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1132 Tissue Factor (TF) Activation by Antithymocyte Globulin Is Inhibited by a Novel Monoclonal Antibody Specific for Reduced TF Mutated at the Allosteric Cys186-Cys209 Disulfide

Program: Oral and Poster Abstracts
Session: Blood Coagulation and Fibrinolytic Factors: Poster I
Saturday, December 4, 2010, 5:30 PM-7:30 PM
Hall A3/A4 (Orange County Convention Center)
Poster Board I-112

Florian Langer, MD1*, Brigitte Spath1*, Francis Ayuketang Ayuk, MD2*, Nicolaus Kroeger, MD2*, Barbara Eifrig, MD1*, Carsten Bokemeyer, MD1* and Wolfram Ruf, MD3

1Hematology and Oncology, University Hospital Eppendorf, Hamburg, Germany
2Bone Marrow Transplantation, University Hospital Eppendorf, Hamburg, Germany
3Immunology and Microbial Sciences, The Scripps Research Institute, La Jolla, CA

Increased TF expression on monocytes contributes to coagulation activation in atherothrombosis, sepsis and cancer. Although it is well established that TF is predominantly non-coagulant and cryptic on unperturbed cells, the molecular mechanisms underlying TF activation remain intensely debated. Antithymocyte globulin (ATG) is a polyclonal rabbit IgG used in transplantation medicine to prevent organ rejection and graft-versus-host disease, but it can cause thrombocytopenia and low-grade DIC. In this study, we investigated the effect of ATG on TF activation. ATG specifically activated TF on cells of the (myelo)monocytic lineage, including THP1, HL60 and U937 cells, as well as isolated peripheral blood monocytes, but not on myeloma, glioma and epithelial cancer cells. Membrane-bound ATG dose-dependently enhanced the TF-specific procoagulant activity (PCA) of THP1 cells 30 ± 15-fold compared to control IgG, as assessed by one-stage clotting, chromogenic Xa generation assay or thrombin generation measured by the TechnothrombinTM TGA. ATG rapidly (within 2 min) activated THP1 cells dependent on the Fc portion, but independent of Fcγ receptors, and required heat-labile plasma components for TF induction. ATG did not further enhance TF activity after cell lysis and had no effect on clotting induced by recombinant TF, demonstrating specific effects on TF activation rather than the coagulation reaction itself. ATG-mediated TF activation on THP1 cells did not involve inhibition of surface-anchored TFPI and was more potent than, and synergized with, calcium ionophore treatment. Although ATG variably induced exposure of low to moderate levels of phosphatidylserine (PS) on the plasma membrane, as measured by annexin V-FITC binding (38 ± 25 vs. 8 ± 5% positive cells, ATG vs. control IgG, n=22), robust TF activation was observed even in experiments with marginal PS upregulation. Consequently, there was no correlation between TF PCA and PS exposure on ATG-treated THP1 cells (r=-0.03), indicating that the primary effect of ATG was on the activation of TF itself. Previous studies have implicated protein disulfide isomerase (PDI) and the TF extracellular allosteric Cys186-Cys209 disulfide bond as determinants for TF activation. Consistently, PDI was detectable at low levels on the surface of unstimulated THP1 cells by flow cytometry and ATG-induced TF activation was inhibited by 70 ± 15% (n=9) with RL90, an inhibitory monoclonal antibody to PDI previously shown to have antithrombotic effects in vivo. RL90 did not decrease PS externalization on ATG-activated cells and had no effect when added to THP1 cells after TF activation had occurred, demonstrating that the antibody specifically blocked the TF activation process. In addition, blocking free thiols of THP1 cells with N-ethylmaleimide slightly increased TF activity, but completely abolished further TF activation by ATG, demonstrating that thiol exchange reactions were critically involved. In order to directly probe the involvement of the allosteric TF disulfide in ATG-mediated TF activation, we raised monoclonal antibodies to Cys186-Cys209 disulfide bond mutants of human TF. Panreactive and mutant TF-specific antibodies were identified. Monoclonal antibody 3D10 did not bind to oxidized recombinant soluble TF, but selectively recognized the Cys186Ala recombinant mutant that retained a free Cys209 prone to S-nitrosylation/glutathionation. Antibody 3D10 completely inhibited ATG-induced TF activation on THP1 cells, but was without effect when added to THP1 cells after TF activation had occurred. The inhibitory effect of 3D10 on TF activation was dose-dependent (5-50 µg/ml), did not require Fcγ receptor binding and did not involve competition with ATG binding to THP1 cells. Preincubation of THP1 cells with 3D10-derived Fab fragments also inhibited ATG-mediated TF activation by 68 ± 7% (n=8) without affecting PS exposure. Importantly, the combination of RL90 and 3D10 Fab had no additive effects, suggesting that both interfered with the same molecular activation pathway. In summary, these data provide novel evidence that TF cellular activation involves intermediates with an altered conformation of the allosteric Cys186-Cys209 disulfide in the TF extracellular domain and further substantiate the concept that TF decryption involves PDI-dependent pathways that are distinct from the exposure of procoagulant PS on cell surfaces.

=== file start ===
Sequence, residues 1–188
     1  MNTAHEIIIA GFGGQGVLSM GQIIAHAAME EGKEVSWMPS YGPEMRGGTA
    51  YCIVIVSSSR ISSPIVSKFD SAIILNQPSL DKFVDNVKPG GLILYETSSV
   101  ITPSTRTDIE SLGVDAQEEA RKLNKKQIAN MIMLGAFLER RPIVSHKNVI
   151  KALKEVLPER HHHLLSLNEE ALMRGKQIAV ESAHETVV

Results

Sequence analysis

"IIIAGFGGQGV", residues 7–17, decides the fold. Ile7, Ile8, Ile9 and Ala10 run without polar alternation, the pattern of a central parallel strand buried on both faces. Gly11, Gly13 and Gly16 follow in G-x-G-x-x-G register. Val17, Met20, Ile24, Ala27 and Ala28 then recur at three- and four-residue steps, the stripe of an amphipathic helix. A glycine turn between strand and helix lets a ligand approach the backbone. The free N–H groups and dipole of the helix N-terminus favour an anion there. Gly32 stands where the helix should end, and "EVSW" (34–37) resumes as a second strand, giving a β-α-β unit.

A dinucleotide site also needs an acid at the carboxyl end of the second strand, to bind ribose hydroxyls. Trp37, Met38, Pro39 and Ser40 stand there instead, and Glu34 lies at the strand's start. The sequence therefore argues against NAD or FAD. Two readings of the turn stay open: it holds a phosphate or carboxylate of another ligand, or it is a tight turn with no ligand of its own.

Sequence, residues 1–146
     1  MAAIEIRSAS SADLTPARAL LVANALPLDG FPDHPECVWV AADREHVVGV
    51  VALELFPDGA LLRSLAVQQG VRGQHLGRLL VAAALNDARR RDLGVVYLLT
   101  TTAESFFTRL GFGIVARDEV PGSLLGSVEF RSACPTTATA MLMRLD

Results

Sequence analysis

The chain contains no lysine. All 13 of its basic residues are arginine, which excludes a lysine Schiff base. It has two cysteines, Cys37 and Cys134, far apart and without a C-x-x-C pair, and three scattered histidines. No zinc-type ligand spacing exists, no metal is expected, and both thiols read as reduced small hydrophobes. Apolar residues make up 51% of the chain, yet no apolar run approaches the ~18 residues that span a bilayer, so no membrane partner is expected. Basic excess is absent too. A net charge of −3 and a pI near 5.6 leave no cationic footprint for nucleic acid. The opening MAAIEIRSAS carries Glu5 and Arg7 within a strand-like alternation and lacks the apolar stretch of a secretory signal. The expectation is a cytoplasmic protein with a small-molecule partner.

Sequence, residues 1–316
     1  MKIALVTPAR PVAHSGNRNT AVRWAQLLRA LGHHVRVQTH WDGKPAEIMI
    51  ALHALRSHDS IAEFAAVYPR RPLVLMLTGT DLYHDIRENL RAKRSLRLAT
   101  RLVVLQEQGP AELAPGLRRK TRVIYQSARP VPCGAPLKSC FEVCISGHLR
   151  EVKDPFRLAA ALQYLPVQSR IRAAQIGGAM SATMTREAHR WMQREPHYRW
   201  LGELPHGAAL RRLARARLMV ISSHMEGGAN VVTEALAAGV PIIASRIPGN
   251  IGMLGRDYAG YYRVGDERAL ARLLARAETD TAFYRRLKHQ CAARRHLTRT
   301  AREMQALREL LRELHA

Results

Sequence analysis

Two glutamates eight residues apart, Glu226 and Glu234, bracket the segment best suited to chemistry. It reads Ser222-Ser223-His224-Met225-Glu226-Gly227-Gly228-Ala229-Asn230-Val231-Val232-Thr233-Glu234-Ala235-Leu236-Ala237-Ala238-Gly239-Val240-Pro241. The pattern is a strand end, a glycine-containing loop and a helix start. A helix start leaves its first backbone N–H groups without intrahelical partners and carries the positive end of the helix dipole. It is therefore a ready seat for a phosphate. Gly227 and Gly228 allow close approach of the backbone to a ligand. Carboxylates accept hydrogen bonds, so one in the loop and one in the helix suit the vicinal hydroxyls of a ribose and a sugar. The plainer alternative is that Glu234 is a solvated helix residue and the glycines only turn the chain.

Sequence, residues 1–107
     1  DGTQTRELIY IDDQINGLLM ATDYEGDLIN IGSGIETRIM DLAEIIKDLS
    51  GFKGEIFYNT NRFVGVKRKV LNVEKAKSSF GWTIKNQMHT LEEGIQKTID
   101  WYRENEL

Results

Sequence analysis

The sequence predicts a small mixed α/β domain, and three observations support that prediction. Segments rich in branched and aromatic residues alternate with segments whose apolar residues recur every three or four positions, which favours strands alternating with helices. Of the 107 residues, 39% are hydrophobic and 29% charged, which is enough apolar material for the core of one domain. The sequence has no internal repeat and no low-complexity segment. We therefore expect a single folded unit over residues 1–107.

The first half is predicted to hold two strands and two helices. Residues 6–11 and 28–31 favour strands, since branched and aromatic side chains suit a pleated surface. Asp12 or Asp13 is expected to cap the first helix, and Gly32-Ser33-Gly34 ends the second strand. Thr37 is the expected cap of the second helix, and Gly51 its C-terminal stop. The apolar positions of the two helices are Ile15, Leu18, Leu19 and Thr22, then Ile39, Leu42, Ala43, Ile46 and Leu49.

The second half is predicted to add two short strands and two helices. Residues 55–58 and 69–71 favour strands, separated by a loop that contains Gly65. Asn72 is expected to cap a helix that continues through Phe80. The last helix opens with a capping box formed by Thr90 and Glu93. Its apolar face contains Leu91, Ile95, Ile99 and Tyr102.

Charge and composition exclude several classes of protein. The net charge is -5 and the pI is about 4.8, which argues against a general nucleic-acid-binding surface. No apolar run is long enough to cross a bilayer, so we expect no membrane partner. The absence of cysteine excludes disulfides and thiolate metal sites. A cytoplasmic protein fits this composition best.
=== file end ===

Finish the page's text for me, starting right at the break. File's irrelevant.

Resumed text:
Disclosures: No relevant conflicts of interest to declare.

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